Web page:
America’s food-ration system swimming in soda

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May 20, 2013 by losingourcool

An article on the Supplemental Nutrition Assistance Program (SNAP), run today by AlterNet and Salon, is my attempt to untangle the complex politics of what foods should and shouldn’t be eligible for the program:

“When it comes to nutritional criteria for SNAP-eligible products, both support and opposition can span the full range of political ideologies. Proposed restrictions have been condemned by many food banks and economic-justice organizations, who argue that it’s paternalistic and unfair for the government to try to dictate the food purchases of low-income families while everyone else is left to choose freely. They argue that such reforms would take us back to the bad old days before the EBT card, when people using federal food coupons faced a potentially humiliating ordeal with every trip through the checkout line. Regarding proposed restrictions on Wisconsin’s SNAP-funded program, a food-bank executive argued, ‘Rather than creating hurdles, the state should make healthy food more affordable.’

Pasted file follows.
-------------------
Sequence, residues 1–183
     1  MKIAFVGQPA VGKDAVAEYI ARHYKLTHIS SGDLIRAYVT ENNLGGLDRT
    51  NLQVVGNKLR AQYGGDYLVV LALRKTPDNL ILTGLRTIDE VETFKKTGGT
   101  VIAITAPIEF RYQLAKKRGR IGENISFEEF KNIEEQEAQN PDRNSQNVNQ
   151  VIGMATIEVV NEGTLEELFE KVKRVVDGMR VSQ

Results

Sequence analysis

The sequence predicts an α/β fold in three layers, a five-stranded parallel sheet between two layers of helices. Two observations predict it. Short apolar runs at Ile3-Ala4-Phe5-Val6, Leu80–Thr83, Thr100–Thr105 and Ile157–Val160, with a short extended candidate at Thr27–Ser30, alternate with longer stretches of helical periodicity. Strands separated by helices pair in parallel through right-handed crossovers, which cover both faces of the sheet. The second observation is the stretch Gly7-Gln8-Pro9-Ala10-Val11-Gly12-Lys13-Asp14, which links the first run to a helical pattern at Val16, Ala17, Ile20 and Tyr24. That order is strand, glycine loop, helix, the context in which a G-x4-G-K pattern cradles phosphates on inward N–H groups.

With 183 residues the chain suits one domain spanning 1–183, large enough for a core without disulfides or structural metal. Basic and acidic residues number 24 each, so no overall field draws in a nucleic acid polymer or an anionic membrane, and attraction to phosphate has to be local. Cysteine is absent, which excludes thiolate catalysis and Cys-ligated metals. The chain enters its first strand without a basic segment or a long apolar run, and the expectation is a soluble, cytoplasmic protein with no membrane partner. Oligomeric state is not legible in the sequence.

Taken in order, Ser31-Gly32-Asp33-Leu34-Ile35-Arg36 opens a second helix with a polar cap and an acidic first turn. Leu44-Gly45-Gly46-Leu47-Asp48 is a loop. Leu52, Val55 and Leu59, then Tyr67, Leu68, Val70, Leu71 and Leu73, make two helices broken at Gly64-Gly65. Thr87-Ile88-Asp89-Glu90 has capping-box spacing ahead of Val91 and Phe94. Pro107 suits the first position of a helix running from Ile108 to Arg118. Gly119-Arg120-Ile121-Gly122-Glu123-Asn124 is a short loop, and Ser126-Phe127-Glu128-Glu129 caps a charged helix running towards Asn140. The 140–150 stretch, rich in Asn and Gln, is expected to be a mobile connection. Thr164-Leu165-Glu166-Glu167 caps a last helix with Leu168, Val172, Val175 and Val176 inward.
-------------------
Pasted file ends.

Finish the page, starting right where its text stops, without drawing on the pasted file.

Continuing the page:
“Most of the opposition to a soda ban among food-rights groups is indeed aimed at protecting the interests of SNAP participants. But in some cases, motives appear to be more problematic. In a 2011 report, the Washington, D.C.-based Food Research and Action Council maintained that purchasing restrictions would have many harmful impacts, among them an increase in “confusion and stigma at grocery check-out, potentially causing a decline in SNAP participation that could worsen food insecurity.” But FRAC, a consistently strong defender of food assistance, itself receives funding from a who’s-who of SNAP’s agribusiness and corporate food beneficiaries, among them the Coca-Cola Company, Pepsico, Inc., Mars Incorporated, the Sara Lee Foundation, and Walmart.”

 

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